The clear double standards illustrated above should rightly incense savers, and with the next base rate increase seemingly less imminent than previously thought, many may be left feeling disillusioned. That said, there are still some providers offering palatable returns.
There are easy-access savings accounts paying interest up to 1.32 per cent at present, while you can open a cash ISA and earn a market-leading rate in excess of 1.2 per cent. For those willing to tie their money up for a period of time, a one-year fixed rate bond yields up to 1.85 per cent, while you can also fetch a rate of around 2.75 per cent if you have the capacity to lock your money away for up to seven years.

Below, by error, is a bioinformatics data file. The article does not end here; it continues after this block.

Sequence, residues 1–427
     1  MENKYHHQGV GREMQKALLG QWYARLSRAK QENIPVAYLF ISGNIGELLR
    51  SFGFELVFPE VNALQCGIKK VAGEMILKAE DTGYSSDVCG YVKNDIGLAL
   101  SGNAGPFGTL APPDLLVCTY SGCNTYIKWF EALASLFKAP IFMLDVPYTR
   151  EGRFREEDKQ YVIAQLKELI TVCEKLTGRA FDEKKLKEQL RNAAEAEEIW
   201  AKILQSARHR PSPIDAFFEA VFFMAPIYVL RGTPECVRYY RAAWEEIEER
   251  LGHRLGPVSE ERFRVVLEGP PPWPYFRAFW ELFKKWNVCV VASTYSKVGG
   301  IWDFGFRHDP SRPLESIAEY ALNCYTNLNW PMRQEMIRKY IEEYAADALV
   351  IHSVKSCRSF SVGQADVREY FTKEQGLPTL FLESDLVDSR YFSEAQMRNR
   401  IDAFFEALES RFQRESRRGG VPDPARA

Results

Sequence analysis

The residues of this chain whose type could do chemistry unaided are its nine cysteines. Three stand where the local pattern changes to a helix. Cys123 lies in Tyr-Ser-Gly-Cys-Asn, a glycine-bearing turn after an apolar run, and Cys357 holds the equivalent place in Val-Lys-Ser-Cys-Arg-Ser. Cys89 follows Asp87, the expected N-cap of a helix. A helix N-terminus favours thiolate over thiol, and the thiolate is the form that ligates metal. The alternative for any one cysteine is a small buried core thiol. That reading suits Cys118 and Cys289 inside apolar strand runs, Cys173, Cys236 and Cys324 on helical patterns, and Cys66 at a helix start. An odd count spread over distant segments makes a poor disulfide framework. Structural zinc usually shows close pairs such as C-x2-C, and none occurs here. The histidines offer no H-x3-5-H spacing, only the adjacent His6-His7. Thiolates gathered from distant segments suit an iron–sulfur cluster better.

And for terms in between one to seven years, there are numerous other headline rates which may carry appeal.
Are foreign accounts safe?
A common theme that emerges when assessing best buy tables is the growing presence of foreign banks. There tends to be a natural reticence among British consumers for such options, particularly regarding the issue of eligibility for Financial Services Compensation Scheme (FSCS) cover.
It's worth noting that depositors with some international banks in the UK (excluding Channel Islands or Isle of Man) are protected up to the FSCS deposit protection limit of £85,000.
According to the Bank of England, these include:
•UK-incorporated subsidiaries of European Economic Area (EEA) deposit-takers
•UK-incorporated subsidiaries of non-EEA deposit-takers
•UK branches of non-EEA deposit-takers authorised by the Prudential Regulation Authority to accept deposits in the UK